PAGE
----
Where should I keep my living will?
Ideally, you should keep your living will in a separate location to your will. Your living will is intended to be used by your loved ones and medical doctor while you are still alive, so let those closest to you know about its existence. You may want to consider keeping a copy of the document in your bag, wallet or purse.
Is my doctor obliged to comply with my living will?
No, your doctor is not legally obligated to honour your living will. However, the South African Medical Association and the Health Professions Council of SA have both issued guidelines in this regard. Their guidelines state that a patient’s right to refuse treatment should be respected, and that patients with living wills in place have the constitutional right to expect their wishes to be honoured. As such, doctors will have to rely on their professional judgement when determining the applicability of a living will in a particular situation. If a doctor has a conscientious objection to withholding treatment, he should advise the patient or his loved ones of his views, and step aside to allow another medical practitioner to care for the patient.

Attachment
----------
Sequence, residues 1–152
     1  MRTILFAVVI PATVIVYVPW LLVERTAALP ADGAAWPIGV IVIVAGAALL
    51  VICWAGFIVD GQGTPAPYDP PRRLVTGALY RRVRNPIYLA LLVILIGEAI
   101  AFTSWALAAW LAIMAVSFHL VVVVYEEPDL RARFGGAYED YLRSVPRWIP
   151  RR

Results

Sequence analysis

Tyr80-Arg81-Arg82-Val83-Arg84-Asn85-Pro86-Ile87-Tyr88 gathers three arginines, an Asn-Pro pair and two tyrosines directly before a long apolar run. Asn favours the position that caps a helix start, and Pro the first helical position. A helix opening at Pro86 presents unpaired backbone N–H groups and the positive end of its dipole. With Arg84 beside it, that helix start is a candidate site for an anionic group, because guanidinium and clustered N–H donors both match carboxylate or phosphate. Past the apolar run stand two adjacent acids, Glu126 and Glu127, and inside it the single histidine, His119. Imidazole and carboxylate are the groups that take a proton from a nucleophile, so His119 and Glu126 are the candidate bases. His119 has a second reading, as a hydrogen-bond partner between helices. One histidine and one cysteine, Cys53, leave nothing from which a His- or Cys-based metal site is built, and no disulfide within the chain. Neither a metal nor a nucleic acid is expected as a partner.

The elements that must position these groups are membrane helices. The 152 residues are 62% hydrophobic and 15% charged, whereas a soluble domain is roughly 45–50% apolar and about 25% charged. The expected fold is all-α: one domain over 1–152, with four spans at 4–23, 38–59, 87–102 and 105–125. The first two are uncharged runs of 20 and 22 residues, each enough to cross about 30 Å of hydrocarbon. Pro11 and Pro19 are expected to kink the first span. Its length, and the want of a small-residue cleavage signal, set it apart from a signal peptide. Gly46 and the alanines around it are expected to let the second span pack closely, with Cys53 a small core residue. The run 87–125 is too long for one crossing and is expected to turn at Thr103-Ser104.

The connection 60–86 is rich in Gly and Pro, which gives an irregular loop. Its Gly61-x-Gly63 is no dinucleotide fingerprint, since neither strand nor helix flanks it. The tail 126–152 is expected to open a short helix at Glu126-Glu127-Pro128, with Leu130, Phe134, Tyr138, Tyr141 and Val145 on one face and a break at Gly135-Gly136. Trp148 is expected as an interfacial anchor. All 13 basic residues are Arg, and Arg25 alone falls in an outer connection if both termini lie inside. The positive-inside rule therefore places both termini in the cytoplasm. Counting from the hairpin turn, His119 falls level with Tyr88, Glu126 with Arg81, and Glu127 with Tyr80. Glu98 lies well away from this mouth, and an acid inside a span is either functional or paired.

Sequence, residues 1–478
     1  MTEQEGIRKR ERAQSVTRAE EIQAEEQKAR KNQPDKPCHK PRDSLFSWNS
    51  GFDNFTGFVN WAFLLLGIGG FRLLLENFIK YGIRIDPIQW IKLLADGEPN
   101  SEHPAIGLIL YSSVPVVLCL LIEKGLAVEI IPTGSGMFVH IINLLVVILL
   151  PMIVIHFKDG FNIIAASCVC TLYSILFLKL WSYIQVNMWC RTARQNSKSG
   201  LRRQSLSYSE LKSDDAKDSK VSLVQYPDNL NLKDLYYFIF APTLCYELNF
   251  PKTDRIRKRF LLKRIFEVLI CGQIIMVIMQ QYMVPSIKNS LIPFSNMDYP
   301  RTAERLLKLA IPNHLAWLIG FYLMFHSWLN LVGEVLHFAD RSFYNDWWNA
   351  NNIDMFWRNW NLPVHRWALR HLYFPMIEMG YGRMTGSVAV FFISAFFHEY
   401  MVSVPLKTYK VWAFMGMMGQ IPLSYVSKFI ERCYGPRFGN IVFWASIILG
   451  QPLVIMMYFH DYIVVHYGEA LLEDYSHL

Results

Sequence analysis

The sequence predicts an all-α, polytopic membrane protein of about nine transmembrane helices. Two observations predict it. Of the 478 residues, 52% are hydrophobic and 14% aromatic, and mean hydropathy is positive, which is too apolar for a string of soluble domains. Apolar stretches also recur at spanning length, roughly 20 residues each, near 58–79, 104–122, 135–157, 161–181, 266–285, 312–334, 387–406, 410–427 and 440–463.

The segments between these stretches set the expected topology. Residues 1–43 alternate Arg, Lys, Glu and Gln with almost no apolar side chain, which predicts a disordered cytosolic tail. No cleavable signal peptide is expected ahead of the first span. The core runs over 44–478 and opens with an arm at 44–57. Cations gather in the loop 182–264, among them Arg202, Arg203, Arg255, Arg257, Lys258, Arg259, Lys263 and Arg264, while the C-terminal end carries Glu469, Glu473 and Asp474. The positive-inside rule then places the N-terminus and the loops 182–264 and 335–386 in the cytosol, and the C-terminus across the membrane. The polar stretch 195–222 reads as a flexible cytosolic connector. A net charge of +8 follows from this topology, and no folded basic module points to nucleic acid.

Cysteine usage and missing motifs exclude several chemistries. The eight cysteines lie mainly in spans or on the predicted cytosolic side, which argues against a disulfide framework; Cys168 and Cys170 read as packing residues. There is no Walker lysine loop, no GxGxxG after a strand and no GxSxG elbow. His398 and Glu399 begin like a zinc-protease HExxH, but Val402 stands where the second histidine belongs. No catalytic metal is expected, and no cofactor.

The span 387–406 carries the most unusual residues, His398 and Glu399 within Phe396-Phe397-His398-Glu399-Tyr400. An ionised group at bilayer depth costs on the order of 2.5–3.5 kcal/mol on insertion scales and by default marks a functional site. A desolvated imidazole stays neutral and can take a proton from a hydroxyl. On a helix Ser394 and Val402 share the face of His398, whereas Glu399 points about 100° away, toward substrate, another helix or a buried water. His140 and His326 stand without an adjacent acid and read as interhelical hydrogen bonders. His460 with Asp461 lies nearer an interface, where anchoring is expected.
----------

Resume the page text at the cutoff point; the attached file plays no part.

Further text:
What are the benefits of a living will?
A living will gives you peace of mind that your choices regarding your end-of-life medical care will be honoured. Many people don’t fear death as much as they do the thought of ongoing pain and suffering where there is no hope of recovery, and this is where a living will can be of benefit. By documenting your wishes, you can also help to avoid arguments amongst your family members and friends as to how you should be treated, bearing in mind that emotions and tensions will inevitably be high. Keeping a person alive artificially and indefinitely where there is no hope of recovery can also place an unnecessary financial burden on one’s family, and making a decision to withdraw life support because of affordability issues is a decision no one wants their loved ones to make.
What happens in the case of an emergency?
In the event of a medical emergency, your medical practitioner may not be aware of the existence of your living will. If he is subsequently made aware of the document, he should make a reasonable effort to understand the wishes of the declarant.
Is a living will the same as euthanasia or assisted suicide?
A living will expresses your desire to die a natural death, free from having one’s life artificially extended by often painful and invasive medical treatment, including but not limited to medication, tube feeding, dialysis or life support. As such, it is not the same as a request for assisted suicide or euthanasia. Assisted suicide is not legal in South Africa and you may not ask your doctor to end your life. A living will merely requests that your medical doctor not artificially keep you alive where there is no chance of recovery and where, without medical intervention, death would be inevitable.